Studies employing uninfected 8-month-old F-344 rats examined the immunological, histological, and biochemical changes associated with a single 5 hour inhalation exposure to FeCl2 at a concentration of approximately 100 micrograms (µg)/m3. Effects were examined 1, 18, and 48 hours post-metal exposure. In the absence of effects upon lavaged cell profile, viability, cell number, or lavageable lactate dehydrogenase (LDH)/protein levels, animals examined 1 hour post-exposure demonstrated altered blood cell profiles. Percentages of lymphocytes and monocytes in Fe-exposed animals were 2- and 3-fold lower, respectively, while neutrophils were 3-fold higher as compared to controls; by 18 hours post-exposure, differential blood counts returned to control levels. This time-related response is identical to that seen in our earlier NYC PM studies and may indicate a particle-induced stress response. At the same 18-hour post-exposure timepoint, proliferation of splenic T-lymphocytes decreased in Fe-exposed animals (compared to control), revealing effects upon the systemic immune response. At all post-exposure timepoints, superoxide anion production by macrophages (Mø) recovered from Fe-exposed rats was enhanced compared to production from control cells. Effects upon hydrogen peroxide (H2O2) production by Mø were dependent upon time post-exposure.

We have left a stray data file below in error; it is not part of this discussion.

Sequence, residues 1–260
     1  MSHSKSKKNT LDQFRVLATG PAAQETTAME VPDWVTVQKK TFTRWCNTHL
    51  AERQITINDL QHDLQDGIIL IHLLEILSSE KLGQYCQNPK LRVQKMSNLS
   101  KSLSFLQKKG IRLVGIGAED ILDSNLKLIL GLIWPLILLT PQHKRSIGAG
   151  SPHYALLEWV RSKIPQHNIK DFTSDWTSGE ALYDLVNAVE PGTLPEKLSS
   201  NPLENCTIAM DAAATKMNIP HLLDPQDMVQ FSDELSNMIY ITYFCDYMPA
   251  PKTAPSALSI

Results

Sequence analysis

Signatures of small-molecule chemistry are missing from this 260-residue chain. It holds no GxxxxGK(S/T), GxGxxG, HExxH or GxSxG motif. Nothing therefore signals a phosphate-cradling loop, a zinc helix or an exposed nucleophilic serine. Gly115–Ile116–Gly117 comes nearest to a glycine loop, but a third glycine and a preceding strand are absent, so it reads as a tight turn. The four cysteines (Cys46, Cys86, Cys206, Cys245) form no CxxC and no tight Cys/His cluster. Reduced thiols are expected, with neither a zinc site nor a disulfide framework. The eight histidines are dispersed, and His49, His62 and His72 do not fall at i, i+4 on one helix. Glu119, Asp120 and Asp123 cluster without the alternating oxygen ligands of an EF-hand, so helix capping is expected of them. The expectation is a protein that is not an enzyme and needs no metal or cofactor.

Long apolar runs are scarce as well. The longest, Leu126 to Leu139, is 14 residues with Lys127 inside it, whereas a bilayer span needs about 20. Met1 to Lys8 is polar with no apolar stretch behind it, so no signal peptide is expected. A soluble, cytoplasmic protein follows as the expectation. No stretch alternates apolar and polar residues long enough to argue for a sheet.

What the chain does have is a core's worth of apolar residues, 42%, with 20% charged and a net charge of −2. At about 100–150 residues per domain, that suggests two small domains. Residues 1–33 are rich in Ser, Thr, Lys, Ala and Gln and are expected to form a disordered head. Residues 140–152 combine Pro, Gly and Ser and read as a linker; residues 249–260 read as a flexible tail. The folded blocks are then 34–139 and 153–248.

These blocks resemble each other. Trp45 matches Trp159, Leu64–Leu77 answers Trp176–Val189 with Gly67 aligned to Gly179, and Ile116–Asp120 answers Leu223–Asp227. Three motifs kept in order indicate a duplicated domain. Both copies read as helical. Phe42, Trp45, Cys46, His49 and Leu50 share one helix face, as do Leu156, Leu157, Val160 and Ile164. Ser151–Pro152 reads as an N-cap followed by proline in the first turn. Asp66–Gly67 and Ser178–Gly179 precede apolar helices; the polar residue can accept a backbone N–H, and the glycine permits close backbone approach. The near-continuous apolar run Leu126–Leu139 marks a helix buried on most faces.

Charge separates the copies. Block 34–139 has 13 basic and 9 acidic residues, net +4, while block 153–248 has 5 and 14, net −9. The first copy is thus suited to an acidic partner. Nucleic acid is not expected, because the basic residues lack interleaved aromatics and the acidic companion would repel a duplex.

In another series of studies, rats were infected with S. pneumoniae 48 hours prior to either air or Fe exposure. Rats were sacrificed either just before initiation of exposure or 18 hours after exposure, and effects upon circulating blood cell profile and pulmonary bacterial burdens were determined. Eighteen hours following exposure, percentages of blood neutrophils were similar in infected and uninfected air-exposed control rats. However, infected animals exposed for 5 hours to Fe and examined 18 hours later had a 37 percent increase in blood neutrophils and a 33 percent drop in lymphocytes (compared to air controls). Moreover, while virtually all bacteria were cleared from the lungs of infected air-exposed rats by 48 hours post-infection, bacterial burdens in Fe-exposed animals were increased 10,000-fold (compared to those rats scarified immediately prior to exposure). Since S. pneumoniae are Fe-sequestering organisms, it is difficult to determine whether Fe-induced changes in burdens were due to effects upon the bacteria itself, to alterations in immune mechanisms responsible for the clearance of the pathogen, or a combination of both factors. In another experiment in which already-infected rats were examined 3 and 18 hours post Fe exposure, percentages of blood neutrophils were significantly reduced (compared to the control) 3 hours following exposure, but returned to control values by 18 hours post-exposure. In this same study, while no difference in lavaged cell profile was observed 3 hours post-exposure, rats exposed to Fe had significantly greater numbers of lavaged Mø, and fewer lymphocytes and neutrophils than control animals by 18 hours post-exposure.